In the picturesque Leelanau Peninsula of Northern Michigan, the Leelanau Coffee Roasting Company has been in business for more than 20 years, slowly but surely gaining ground by way of uncompromising roasting and brewing methods, and pure hard work.
At the end of 2016, LCRC relocated its existing production equipment out of what was previously a roastery café, installed it and added to it inside a new 3,500-square-foot offsite facility, quadrupling capacity and effectively signaling that all the hard work has indeed been paying off.
“My husband comes from a long line of do-it-yourselfers. They’re very determined, headstrong and independent,” Jody Arens told Daily Coffee News, in reference to company cofounders John and Steve Arens, her husband and brother-in-law, respectively. “They literally slept in the roasting room, with the roaster, the first year. And they made maybe $4,000.”
Driven by the their love of coffee, their need to put food on the table and the desire to be their own bosses, the team wasn’t dissuaded by the scant revenue in those earliest years, during which Arens described the trio as one ski bum/drummer, one artist, and one art history student. “We all are very artistic,” Jody Arens said. “We’re not the kind of people that make money, but we’re also independent, so we needed a way to pay the bills.”
It was Steve Arens that first fell in love with great coffee while living out west about 25 years ago, where he eventually learned the craft under the tutelage of a professional who used a Sivetz roaster. Today, apart from only sourcing the highest quality beans available from any given origin, LCRC remains steadfastly devoted to the Sivetz fluid-bed way of life. “They alone best develop coffee flavor in the cup,” John Arens said. “To my mind, this is not arguable.”
Arens contended that this is in part due to the immediate separation of chaff and other effluvia from the bean mass, as well as the coffee’s avoidance of prolonged contact with hot surfaces that he says can result in an effect on characteristics in the cup.
“The beans are thus roasted from the ‘inside out’, resulting in full flavor development at any given roast temperature. Michael Sivetz, quite literally, wrote the book on this,” said Arens, referring to Sivetz’ foundational 1963 work, Coffee Technology. “Mr. Sivetz likely forgot more about cup quality than most of us will ever know.”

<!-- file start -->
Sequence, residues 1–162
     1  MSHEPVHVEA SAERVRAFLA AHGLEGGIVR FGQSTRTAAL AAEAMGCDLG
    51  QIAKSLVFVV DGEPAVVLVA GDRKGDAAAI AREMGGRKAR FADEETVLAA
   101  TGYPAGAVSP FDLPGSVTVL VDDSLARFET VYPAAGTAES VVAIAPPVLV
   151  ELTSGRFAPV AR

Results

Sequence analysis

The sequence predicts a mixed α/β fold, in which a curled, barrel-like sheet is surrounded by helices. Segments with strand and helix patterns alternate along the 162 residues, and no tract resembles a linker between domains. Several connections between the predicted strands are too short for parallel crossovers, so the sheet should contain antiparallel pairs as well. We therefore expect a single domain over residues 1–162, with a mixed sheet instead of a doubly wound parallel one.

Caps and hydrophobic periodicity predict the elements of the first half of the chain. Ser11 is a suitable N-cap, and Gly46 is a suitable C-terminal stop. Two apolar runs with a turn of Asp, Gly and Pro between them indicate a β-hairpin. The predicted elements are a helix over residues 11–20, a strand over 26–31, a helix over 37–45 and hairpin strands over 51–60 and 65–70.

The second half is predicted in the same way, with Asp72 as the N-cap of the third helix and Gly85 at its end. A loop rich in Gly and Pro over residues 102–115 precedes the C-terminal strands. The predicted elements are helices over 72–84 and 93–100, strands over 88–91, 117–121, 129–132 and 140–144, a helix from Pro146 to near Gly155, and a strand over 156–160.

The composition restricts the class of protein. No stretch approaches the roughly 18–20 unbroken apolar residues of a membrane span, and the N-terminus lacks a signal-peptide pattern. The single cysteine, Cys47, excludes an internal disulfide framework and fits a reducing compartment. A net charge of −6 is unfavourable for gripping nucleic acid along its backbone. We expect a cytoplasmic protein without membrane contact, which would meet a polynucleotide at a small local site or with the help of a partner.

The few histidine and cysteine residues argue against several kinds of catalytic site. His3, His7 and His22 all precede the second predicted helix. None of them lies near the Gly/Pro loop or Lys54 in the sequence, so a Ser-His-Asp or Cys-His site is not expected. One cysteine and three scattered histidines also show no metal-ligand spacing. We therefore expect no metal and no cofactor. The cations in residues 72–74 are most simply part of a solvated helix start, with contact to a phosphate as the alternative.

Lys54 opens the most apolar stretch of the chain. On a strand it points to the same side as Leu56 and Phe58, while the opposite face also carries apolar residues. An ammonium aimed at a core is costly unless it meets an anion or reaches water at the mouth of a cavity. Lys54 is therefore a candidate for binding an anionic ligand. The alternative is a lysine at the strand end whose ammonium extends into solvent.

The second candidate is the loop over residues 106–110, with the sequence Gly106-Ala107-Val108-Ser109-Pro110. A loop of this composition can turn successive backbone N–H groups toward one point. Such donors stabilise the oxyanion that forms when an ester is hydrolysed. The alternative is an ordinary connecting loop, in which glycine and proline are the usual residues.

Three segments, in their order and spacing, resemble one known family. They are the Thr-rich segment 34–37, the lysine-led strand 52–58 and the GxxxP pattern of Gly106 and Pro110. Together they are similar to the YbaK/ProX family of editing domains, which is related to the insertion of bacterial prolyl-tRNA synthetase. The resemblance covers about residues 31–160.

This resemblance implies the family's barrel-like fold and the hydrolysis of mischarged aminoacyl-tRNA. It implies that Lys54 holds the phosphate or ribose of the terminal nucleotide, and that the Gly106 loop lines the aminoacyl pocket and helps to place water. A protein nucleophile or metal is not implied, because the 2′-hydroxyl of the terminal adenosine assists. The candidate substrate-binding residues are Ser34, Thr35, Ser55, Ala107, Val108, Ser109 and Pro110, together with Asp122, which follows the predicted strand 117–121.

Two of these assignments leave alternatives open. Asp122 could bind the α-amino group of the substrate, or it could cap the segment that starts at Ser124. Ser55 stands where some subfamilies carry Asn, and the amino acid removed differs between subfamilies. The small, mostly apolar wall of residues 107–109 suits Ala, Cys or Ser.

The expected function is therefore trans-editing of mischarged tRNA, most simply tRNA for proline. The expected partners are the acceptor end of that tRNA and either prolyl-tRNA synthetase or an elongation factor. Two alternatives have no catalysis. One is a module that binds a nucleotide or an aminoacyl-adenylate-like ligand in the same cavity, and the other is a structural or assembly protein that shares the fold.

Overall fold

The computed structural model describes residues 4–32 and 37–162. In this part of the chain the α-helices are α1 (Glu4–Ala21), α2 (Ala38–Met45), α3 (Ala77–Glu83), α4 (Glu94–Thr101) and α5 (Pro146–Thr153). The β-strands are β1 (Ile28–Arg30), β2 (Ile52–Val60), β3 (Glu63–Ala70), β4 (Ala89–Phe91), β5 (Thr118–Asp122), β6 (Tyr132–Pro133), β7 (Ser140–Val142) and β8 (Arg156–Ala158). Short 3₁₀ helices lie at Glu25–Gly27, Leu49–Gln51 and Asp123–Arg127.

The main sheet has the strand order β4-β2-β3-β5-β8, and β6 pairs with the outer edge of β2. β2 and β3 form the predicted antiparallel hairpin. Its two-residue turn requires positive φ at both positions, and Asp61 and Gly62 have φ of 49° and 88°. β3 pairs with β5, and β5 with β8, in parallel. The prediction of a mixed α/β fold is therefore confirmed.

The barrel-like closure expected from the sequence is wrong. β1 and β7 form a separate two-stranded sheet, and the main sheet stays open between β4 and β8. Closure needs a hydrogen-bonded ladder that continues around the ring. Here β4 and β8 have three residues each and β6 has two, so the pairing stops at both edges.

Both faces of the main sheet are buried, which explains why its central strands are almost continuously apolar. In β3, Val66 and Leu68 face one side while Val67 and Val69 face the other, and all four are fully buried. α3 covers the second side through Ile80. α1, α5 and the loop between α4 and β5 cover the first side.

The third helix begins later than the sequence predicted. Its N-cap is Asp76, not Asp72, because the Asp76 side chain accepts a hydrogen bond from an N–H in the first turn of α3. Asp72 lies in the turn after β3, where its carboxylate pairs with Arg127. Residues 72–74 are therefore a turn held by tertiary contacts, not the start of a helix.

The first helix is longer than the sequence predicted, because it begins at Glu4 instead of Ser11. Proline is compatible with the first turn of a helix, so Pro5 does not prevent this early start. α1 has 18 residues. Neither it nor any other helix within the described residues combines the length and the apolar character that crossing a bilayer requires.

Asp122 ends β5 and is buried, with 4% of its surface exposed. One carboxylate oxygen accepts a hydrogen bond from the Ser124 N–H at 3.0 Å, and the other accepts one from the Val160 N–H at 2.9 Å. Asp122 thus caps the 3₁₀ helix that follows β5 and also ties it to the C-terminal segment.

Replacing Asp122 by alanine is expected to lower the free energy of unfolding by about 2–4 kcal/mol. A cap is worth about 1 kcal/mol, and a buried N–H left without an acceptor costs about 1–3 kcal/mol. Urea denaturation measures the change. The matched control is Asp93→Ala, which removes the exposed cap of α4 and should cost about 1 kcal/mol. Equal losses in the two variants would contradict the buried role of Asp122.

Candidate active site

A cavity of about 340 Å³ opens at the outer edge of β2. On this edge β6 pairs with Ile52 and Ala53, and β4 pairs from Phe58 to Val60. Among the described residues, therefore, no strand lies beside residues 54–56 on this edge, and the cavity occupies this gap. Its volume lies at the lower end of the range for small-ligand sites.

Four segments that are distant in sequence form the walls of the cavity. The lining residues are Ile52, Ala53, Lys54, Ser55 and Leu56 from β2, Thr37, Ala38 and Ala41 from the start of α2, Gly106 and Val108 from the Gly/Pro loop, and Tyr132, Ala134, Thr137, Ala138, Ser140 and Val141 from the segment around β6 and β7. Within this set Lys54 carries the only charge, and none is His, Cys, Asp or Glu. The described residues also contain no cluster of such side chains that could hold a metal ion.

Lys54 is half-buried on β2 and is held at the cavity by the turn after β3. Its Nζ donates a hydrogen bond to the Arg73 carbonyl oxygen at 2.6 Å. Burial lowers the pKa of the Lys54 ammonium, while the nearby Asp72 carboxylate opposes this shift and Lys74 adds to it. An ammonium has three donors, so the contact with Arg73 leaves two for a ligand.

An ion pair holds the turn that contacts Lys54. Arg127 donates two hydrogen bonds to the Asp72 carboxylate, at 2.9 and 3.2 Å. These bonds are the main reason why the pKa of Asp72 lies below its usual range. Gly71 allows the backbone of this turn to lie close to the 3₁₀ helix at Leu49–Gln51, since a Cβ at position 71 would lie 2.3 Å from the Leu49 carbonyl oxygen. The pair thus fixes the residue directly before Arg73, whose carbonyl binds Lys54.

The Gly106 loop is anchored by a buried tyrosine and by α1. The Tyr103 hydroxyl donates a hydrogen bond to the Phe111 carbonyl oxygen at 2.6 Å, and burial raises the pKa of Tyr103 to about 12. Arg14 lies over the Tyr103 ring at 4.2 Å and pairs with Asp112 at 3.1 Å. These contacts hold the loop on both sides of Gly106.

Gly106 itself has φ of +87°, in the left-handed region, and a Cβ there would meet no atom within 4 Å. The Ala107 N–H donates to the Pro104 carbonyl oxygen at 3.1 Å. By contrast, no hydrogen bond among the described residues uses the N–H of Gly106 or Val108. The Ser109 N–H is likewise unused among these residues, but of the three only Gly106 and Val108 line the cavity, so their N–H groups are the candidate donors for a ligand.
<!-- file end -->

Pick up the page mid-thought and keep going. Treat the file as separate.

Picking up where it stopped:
As for what qualities in particular John Arens strives to present in the cups derived from individual beans, he said that these are the characteristics reconfigured by the soils, cultivation and processing practices at the estates or individual farms of origin.
“Our goal is to let even the most subtle flavors and textures speak for themselves, without overly burdening the beans with unpleasant over-smoking, or under-development,” said Arens. “We do offer a wide variety of flavored coffees, but even here our flavoring procedures almost always use less oils than called for, mostly in the ongoing effort to let the coffee speak, not the additives or adulterants.”
Beyond the work ethic and their chosen method and style of roasting, the company’s stick-to-it-iveness also extends to brewing. Said Jody Arens, “We have never served one cup of coffee in 24 years, not one, unless it was French pressed.” She added that the full-immersion, metal-filtered brew, which she believes to be both healthier and better tasting than other brew methods, routinely attracts lines out the door of their sole café.
Regarding what strategies they may be forming to address those long lines, Arens wouldn’t commit to any full-throated acknowledgment of additional retail developments that may or may not be on the horizon, saying only, “We would be stupid not to expand.”
In the meantime, expansion on the wholesale front is already a strong focus. Arens said the business has in recent years bloomed from just John and Steve Arens working alone to a summertime tourist seasonal peak of 30 workers, plus another four full-timers they just brought on board with the new facility.